Cubans may have a chance this year to do something they have very rarely done: cast a meaningful vote. The government, which rarely consults its people, says it will allow Cubans to have “a say” in a referendum on whether same-sex couples, a minority, can marry.
The Cuban government has a well-documented history of violating citizens’ rights to vote in free and fair elections and to participate in public affairs. The Communist Party, the only one authorized in the country, has governed since the 1959 revolution without giving citizens the opportunity to vote for the ousting of its leaders, or even to protest against their actions.
But now the authorities are subjecting fundamental rights to a political football between advocates of equality and non-discrimination and their opponents, some of whom mistakenly label their work as “gender ideology”.
Admittedly, the inclusion of marriage equality in the draft Family Code, which has been the subject of “public consultation” since February, is a positive development. It includes a gender-neutral definition of marriage, thereby opening the door to marriage between same-sex couples.
The draft Family Code also strengthens women’s rights in domestic law by strengthening their sexual and reproductive rights and preserving the equitable distribution of domestic work and care. It also expands the rights of children by enshrining, for example, their rights to be heard and to physical integrity, as well as the principle of progressive autonomy, to allow children to participate in decisions affecting them according to their age. and their maturity. The right of same-sex couples to be free from discrimination, however, turns out to be one of the most controversial provisions of the draft code.
The “public consultation” process ended on April 30 and the project will go to a referendum vote later this year. But there are serious reasons to doubt that the plebiscite will fully respect voters’ rights. Given that the administration of Miguel Díaz-Canel controls all branches of power and severely restricts freedom of expression, respecting the will of the people at the ballot box will ultimately rest with the administration.
Equally troubling is the political pageantry of subjecting individual rights, including the right of gay and lesbian couples to freedom from discrimination, to a vote of popularity. In Cuba, it comes after public protests in 2019 against the redefinition of marriage to include same-sex couples in the proposed new constitution. In response to this outcry, the government withdrew this provision from the bill, approved the same year, and referred the issue of marriage equality to this referendum on the Family Code.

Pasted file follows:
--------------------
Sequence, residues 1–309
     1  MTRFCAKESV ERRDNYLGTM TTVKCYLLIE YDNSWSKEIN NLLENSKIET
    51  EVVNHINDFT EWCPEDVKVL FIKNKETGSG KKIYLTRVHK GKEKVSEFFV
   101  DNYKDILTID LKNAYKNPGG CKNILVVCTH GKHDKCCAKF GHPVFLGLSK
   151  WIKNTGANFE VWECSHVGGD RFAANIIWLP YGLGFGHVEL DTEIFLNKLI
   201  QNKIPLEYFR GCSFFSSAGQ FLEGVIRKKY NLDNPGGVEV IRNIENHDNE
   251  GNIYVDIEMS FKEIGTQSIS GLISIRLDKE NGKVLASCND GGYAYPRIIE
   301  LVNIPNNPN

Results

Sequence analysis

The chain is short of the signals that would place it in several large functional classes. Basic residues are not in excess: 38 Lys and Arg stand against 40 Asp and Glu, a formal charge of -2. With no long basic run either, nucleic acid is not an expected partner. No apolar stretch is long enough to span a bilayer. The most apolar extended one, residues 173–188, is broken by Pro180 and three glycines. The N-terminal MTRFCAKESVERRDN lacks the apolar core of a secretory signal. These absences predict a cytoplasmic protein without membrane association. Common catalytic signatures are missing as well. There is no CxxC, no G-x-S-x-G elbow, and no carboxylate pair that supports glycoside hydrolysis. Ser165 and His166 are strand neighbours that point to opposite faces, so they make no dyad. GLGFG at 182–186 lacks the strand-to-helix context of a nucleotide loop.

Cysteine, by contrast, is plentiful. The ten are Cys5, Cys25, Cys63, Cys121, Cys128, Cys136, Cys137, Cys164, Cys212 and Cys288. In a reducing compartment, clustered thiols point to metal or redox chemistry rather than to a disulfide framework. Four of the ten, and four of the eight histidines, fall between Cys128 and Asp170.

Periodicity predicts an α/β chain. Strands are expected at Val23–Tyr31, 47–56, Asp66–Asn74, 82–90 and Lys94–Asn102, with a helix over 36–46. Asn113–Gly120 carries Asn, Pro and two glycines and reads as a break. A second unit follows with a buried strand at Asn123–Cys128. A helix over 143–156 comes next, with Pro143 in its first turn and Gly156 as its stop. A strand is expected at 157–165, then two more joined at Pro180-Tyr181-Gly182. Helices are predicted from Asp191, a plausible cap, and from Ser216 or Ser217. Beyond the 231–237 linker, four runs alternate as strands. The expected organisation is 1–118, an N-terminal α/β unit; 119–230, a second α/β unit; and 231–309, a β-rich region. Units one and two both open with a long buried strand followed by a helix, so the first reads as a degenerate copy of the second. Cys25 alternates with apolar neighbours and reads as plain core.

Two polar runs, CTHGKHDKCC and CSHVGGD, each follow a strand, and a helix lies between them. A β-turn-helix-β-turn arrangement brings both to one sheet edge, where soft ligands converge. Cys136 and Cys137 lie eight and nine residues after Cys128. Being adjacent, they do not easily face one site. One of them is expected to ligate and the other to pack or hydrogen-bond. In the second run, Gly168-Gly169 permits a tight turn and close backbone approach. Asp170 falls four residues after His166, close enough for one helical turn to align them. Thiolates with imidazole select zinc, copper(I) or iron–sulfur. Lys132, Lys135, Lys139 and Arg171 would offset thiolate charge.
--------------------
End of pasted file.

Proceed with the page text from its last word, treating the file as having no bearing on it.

Other countries have tried this. Ireland (which was required by law to hold a referendum to change the constitution) and Australia upheld the rights of same-sex couples when citizens voted overwhelmingly in favor of marriage equality. Referendums in Bermuda and Taiwan rejected same-sex marriage (Taiwan’s legislature later adopted it).
Referendums can be an important component of democracy and can, in certain circumstances, help break political inertia to uphold rights and promote rights-respecting policies. Yet, ultimately, recognition of the rights of minorities, including LGBT people, should not depend on a vote of popularity. It is an affront to the human dignity of already marginalized people subjected to violence and discrimination, and it could expose their lives and identity to unnecessary and harmful public debate, scrutiny and evaluation.
What would we say if the referendum was about whether a religious minority can practice their religion openly? Or, should an ethnic minority be free from discrimination? This would cause a moral scandal. There should be no difference when the right of same-sex couples to be free from discrimination is at stake.
Worse still, in Cuba, news and government reports suggest the vote could be close, a prospect not helped by the Catholic Church describing the Family Code as attacking “the nature of the family” and constituting “gender ideology”. Evangelical and other churches have also opposed the provisions of the Code on these grounds.
“Gender ideology” is an empty catch-all term usually meant to refer to an ill-defined homosexual and feminist conspiracy to wreak havoc on traditional values. Far-right movements and politicians around the world, including Jair Bolsonaro of Brazil and Ron Desantis of Florida, have peddled misinformation to popularize the term, using it to attack LGBT, children’s and women’s rights. Yet what they call in Cuba “gender ideology” is actually about gender equality.
Cuba should urgently rectify its poor rights record, including by allowing people to periodically participate in free and fair elections. But this potential referendum is categorically wrong. The will of the people should certainly guide public policies, but not dictate whether well-established international human rights will be respected. Instead of passing on their duty to the electorate, the Cuban authorities should defend these rights themselves, even if the referendum does not do so.